In this study we analyzed different expression systems for the production of recombinant pyranose 2-oxidase (POx; pyranose:oxygen 2-oxidoreductase; glucose 2-oxidase; EC 188.8.131.52) from Trametes multicolor in the prokaryotic host E. coli. POx is a homotetrameric flavoprotein, typically of a molecular mass of 270 kDa, with each of the four 68-kDa subunits carrying one covalently bound flavin adenine dinucleotide (FAD). It is widespread in wood-degrading basidiomycetes and catalyzes the oxidation of different aldopyranoses at C2 to the corresponding 2-ketoaldoses, producing H2O2 as a by-product [15–17]. In the past few years, POx has gained increasing attention for industrial applications, such as the synthesis of carbohydrate derivates and rare sugars , analytical applications , as well as for applications in enzymatic biofuel cells . Cost-efficient enzyme supply is critical for any such application. The heterologous expression of POx in E. coli has been investigated before [21–23]. However, these studies only dealt with one expression system based on the vector pSE420 (Invitrogen) and improvement of POx expression by medium optimization and oxygen limitation, and enzyme yields remained limited due to IB formation.
It was the goal of this work to investigate different expression systems for POx in E. coli and to optimize the production in a bioreactor to minimize the formation of insoluble IB. Apart from the T7 RNA polymerase based pET21d+ , we investigated the L-arabinose inducible pBAD [25, 26] and the pCOLD expression system [27, 28].
Microorganisms and cultivation
Escherichia coli BL21 DE3 and E. coli TOP10 cells were used for maintenance and propagation of plasmids and as hosts for expression studies. For propagation, E. coli cells were cultivated in TBamp-media (yeast extract 24 g/L; peptone from casein 12 g/L; glycerol 4 mL/L; KH2PO4-buffer 1 M, pH 7.5) under appropriate selective conditions (ampicillin was added to a final concentration of 0.1 g/L).
The inoculi for the different fermentations were cultivated in a defined Seed Stage Medium (glycerol 5 g/L; peptone from casein 5 g/L; yeast extract 5 g/L; NaCl 5 g/L; ampicillin 0.1 g/L). For cultivation and expression studies, E. coli cells were grown in a Production Stage Medium in the bioreactors (MPCGly-Medium: glycerol 10 g/L; peptone from casein 10 g/L; M9-Salts 5× conc. 200 mL/L). The M9-Salts 5× conc. solution (Na2HPO4·2H2O 42.5 g/L; KH2PO4 15.0 g/L; NaCl 2.5 g/L; NH4Cl 5.0 g/L) was prepared and autoclaved separately. After sterilization, the M9-Salts 5× conc. solution, 10 mL MgSO4 [1 M], 0.5 mL CaCl2 [1 M], 0.1 mL/L sterile antifoam and 0.1 g/L ampicillin were injected through a sterile filter into the bioreactor.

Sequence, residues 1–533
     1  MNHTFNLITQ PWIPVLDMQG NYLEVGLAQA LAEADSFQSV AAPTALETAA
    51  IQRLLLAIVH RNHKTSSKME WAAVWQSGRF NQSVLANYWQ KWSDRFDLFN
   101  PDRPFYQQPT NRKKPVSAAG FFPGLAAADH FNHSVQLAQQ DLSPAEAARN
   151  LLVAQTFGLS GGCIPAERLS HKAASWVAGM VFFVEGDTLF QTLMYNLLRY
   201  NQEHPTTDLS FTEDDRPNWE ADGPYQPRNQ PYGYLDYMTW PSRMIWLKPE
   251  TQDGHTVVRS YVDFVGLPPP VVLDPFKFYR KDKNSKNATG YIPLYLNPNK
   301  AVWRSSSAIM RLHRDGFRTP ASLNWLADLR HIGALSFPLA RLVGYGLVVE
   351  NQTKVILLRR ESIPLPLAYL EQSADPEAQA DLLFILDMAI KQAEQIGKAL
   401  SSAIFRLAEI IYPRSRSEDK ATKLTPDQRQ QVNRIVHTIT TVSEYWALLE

For fed-batch experiments a chemically defined Synthetic Medium was developed (glycerol 185.6 g/L; (NH4)2SO4 61.7 g/L; KH2PO4 5 g/L; Na2HPO4·2H2O 11.5 g/L; MgSO4·7H2O [1 M] 19 mL/L; CaCl2·6H2O [1 M] 10.5 mL/L; lactose monohydrate 5.25 g/L; trace element solution 10 mL/L; ampicillin 0.1 g/L). The trace element solution (FeCl3 anhydrous 4.00 g/L; MnCl2·4H2O 2.35 g/L; ZnSO4·7H2O 1.60 g/L; H3BO3 0.50 g/L; CoCl2·6H2O 0.40 g/L; (NH4)6Mo7O24·4H2O 0.40 g/L; CuCl2 anhydrous 0.25 g/L) was prepared separately, filter sterilized and added to the sterile medium. The chemicals used were of the purest grade available and purchased from Sigma (Vienna, Austria) and Roth (Karlsruhe, Germany).